Have a look at this:

I sort of agree with him. See the comments on Java and whatnot I’ve been making here recently.

But I don’t see why we need to care about inefficencies in structures in ‘C’. If you care about this then use the alignment technique I gave earlier. I like structured data, probably because I’m a database programmer by training and inclination. I can’t stand writing code like this:

select a, b, c, d
into var_a, var_b, var_c, var_d
from bingo where …


select a, b, c, d
into bingo_rec
from bingo
where ….

This looks trivial. But you try it when there are 20 or 30 columns you are selecting and you (in a fit of editing) inadvertently transpose a couple of lines. Like I say, you have to be disciplined, but why be too disciplined?

Aother thing is I like syntatic sugar around things, I like using structures to pass structured data around. I know (I was trained to program in the 1980’s) that all of the data structures you’ve ever wanted can be modelled using arrays, but I don’t want to. I don’t want to have to think about silly bugs I may have put there when I reinvented my linked-list or stack as a home-grown array for the fiftieth time. A well-crafted utility library (with thousands of users) will be more reliable (eventually) than anything I write myself.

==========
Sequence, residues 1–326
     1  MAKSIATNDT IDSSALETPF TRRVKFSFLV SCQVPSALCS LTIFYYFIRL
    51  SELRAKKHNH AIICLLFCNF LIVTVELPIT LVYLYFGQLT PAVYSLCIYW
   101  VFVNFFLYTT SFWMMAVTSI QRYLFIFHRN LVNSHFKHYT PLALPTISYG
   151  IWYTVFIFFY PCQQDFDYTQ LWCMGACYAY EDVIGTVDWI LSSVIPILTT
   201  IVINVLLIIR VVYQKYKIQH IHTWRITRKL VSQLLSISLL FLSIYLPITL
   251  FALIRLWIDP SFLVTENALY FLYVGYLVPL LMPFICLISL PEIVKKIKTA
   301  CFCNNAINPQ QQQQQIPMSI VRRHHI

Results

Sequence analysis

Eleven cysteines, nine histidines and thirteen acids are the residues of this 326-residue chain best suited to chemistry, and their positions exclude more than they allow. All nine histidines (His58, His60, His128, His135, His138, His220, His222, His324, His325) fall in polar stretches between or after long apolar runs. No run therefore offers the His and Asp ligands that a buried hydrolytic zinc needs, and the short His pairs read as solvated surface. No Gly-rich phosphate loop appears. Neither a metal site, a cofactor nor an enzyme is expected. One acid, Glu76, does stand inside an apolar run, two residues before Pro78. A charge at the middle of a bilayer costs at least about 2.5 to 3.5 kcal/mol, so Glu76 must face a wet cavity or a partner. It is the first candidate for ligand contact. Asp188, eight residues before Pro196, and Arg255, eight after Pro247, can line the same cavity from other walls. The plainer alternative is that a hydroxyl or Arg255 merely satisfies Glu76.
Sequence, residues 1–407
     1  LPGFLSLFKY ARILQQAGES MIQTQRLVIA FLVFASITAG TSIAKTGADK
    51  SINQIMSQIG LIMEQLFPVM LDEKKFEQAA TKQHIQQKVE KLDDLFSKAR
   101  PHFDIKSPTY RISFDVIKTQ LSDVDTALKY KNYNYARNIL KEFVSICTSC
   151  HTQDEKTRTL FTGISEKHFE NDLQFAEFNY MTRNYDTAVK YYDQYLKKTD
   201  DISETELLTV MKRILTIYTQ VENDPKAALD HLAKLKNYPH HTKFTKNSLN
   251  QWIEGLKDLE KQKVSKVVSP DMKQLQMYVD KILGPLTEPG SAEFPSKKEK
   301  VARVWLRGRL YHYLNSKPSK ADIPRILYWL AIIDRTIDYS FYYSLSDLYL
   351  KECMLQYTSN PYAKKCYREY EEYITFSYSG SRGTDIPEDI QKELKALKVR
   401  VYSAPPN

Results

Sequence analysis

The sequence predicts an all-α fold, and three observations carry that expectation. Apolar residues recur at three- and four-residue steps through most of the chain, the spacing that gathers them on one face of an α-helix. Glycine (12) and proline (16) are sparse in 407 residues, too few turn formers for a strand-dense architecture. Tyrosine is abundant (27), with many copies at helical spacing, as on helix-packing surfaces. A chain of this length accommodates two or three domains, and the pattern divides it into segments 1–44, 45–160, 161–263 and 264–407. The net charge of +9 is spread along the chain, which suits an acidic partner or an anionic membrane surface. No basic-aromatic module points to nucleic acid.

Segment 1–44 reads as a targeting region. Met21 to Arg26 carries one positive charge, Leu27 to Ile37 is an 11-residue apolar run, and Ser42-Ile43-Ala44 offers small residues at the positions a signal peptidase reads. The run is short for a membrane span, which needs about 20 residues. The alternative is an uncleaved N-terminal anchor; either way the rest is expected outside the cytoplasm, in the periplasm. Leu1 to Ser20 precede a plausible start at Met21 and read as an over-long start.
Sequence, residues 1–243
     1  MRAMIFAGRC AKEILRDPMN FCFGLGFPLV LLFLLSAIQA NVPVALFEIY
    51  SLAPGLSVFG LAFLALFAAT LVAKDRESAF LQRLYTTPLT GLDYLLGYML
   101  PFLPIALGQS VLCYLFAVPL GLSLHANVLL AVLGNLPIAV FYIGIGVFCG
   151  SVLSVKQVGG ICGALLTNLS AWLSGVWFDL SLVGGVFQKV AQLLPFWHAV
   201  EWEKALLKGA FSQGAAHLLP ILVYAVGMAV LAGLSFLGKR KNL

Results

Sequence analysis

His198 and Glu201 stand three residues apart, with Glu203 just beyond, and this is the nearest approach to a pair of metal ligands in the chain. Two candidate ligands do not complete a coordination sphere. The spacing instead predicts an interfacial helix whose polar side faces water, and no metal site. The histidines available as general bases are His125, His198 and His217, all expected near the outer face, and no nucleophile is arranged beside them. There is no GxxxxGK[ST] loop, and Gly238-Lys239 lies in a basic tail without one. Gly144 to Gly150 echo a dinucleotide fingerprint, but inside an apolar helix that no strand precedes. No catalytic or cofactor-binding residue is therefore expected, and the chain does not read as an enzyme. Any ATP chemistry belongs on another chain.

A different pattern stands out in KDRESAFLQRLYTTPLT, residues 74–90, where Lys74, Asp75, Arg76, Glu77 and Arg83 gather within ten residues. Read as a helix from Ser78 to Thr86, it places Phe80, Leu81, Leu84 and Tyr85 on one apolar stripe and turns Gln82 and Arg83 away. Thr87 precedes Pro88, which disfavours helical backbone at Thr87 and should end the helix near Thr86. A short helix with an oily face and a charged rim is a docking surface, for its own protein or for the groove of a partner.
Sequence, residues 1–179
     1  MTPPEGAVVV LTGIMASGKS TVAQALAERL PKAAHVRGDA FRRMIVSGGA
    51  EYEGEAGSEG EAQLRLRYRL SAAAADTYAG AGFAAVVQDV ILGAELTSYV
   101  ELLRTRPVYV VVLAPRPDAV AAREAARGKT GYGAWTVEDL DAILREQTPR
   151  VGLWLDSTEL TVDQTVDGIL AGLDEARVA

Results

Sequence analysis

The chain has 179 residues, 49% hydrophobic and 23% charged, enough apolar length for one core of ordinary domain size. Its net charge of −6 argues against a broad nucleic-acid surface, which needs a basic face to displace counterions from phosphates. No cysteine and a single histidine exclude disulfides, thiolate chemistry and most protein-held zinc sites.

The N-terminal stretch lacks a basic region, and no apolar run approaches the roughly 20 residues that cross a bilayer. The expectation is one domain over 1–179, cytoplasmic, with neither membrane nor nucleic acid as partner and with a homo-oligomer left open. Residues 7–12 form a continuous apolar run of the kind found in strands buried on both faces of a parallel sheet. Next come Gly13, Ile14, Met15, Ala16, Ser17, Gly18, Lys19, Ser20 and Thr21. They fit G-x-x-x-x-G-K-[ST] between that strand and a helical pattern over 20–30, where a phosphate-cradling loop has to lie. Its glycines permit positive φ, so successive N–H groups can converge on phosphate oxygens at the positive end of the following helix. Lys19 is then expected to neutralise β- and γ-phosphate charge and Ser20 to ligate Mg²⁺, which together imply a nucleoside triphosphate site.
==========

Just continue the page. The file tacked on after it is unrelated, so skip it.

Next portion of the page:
This approach to coding also doesn’t work well with teams and different levels of ability. To write code in the ‘C’ and no datatypes style requires a good memory and lots of discipline. This isn’t a bad thing, just very challenging to find enough people with that mind set (and talent, to be honest). Java is very much a big-corp, lots of specifications, language. It lends itself to that approach because of the built-in support for interfaces and polymorphism that object-orientation gives you.

It’s just that I’d like the whole purple spotted o-o bus to be optional (or gradual) when I need it.